Compared to the diversity of cheese—Brie, Manchego, gouda, cheddar, mozzarella, goat, feta, Stilton and on and on—the microbes that create cheese's delicious flavours are surprisingly lacking in diversity themselves. As Wired reports, just a handful of bacteria and fungi species seem to be responsible for the majority of cheeses enjoyed around the world.
Cheese-loving scientists from Harvard discovered this after importing 137 cheeses from 10 countries to their lab. There, they genetically analyzed the living contents of those cheeses. All told, Wired writes, they found that just 10 types of bacteria and 14 types of fungi make up the majority of the cheeses' unseen ecological communities. What's more, geography really didn't have anything to do with it; a cheese from France was just as likely to share microbes with a cheese from Italy or Spain. The environment in which the cheese was created—think soft versus rind versus washed rind cheeses—instead explains most of the diversity, Wired reports.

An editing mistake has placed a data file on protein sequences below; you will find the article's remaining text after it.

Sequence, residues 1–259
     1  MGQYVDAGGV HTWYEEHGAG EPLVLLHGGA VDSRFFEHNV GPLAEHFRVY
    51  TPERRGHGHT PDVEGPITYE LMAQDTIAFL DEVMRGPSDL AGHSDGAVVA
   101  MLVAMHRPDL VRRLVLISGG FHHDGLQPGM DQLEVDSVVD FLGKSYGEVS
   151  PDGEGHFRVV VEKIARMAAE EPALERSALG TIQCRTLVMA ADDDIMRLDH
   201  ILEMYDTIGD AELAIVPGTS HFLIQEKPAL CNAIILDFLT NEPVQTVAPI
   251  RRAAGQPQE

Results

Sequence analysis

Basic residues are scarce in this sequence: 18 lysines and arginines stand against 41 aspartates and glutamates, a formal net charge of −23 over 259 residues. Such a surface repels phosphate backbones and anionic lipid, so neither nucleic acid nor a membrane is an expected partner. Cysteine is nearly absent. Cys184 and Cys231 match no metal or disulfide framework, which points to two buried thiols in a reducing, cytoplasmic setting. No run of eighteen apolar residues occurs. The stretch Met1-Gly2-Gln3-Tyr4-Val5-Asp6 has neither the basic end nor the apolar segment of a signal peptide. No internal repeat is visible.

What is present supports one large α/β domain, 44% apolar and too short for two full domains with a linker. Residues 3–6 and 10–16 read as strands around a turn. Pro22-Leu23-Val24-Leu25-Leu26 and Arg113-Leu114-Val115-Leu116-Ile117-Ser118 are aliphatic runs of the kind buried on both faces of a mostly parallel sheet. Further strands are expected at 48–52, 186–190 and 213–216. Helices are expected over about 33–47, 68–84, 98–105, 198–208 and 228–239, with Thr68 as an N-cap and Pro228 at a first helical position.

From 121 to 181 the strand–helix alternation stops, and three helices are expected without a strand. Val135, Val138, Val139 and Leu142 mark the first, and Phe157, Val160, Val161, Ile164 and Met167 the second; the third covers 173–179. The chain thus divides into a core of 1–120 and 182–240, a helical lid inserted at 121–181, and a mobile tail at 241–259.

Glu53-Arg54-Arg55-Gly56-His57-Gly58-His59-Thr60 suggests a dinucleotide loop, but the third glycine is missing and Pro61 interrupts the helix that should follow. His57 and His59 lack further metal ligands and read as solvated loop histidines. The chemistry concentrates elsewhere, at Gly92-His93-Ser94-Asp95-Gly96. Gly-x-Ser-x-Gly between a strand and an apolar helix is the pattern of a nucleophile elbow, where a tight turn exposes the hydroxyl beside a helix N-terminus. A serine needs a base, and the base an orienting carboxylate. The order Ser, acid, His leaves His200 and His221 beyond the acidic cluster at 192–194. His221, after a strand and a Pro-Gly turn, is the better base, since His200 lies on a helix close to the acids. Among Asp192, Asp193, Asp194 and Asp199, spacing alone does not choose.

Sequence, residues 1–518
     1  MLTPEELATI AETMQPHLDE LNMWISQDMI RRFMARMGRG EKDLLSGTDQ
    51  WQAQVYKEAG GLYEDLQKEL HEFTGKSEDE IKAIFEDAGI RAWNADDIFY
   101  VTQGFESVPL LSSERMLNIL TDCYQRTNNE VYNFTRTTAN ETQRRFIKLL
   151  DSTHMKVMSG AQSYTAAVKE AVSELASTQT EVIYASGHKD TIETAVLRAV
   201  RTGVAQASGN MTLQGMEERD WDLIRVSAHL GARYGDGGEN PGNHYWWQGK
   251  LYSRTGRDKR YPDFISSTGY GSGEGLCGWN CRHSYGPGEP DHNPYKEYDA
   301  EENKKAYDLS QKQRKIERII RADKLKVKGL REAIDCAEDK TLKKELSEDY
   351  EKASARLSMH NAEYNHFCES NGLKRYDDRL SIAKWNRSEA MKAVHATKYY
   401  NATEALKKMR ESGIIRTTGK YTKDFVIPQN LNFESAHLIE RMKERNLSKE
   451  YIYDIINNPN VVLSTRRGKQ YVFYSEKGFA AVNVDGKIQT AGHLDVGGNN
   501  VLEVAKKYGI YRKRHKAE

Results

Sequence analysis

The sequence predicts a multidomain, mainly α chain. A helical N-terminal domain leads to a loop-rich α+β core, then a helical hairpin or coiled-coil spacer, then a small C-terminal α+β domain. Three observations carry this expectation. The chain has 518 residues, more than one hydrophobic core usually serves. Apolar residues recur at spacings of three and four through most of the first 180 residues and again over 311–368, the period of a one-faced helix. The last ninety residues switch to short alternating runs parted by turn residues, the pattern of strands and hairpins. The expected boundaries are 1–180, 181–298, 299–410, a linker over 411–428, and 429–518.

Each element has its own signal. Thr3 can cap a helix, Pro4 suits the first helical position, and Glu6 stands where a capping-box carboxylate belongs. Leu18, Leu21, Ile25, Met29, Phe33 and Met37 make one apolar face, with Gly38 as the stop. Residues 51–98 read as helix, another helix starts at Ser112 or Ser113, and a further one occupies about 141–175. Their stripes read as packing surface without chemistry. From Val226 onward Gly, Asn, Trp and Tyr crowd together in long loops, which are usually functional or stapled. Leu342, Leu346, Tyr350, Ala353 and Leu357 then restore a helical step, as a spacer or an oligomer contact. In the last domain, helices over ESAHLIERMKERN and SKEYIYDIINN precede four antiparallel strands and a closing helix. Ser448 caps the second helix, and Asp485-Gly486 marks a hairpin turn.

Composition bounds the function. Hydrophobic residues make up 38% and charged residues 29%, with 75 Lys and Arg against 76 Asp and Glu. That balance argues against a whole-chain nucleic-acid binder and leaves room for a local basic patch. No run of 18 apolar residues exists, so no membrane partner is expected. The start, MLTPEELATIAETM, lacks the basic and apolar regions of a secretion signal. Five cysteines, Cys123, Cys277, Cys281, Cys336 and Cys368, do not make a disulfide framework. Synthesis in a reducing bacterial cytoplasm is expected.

There were a couple of surprises among the microbes, however—Pseudoalteromonas and Vibrio, bacteria that normally live on shrimp and crab shells in the ocean. They most likely found their way into the cheese when sea salt was introduced for flavoring, and, once there, seemed to like the new living arrangements. As the researchers explained to Wired, "We think cheese makers might be creating the same kind of environment that these bacteria love in the cold damp ocean.”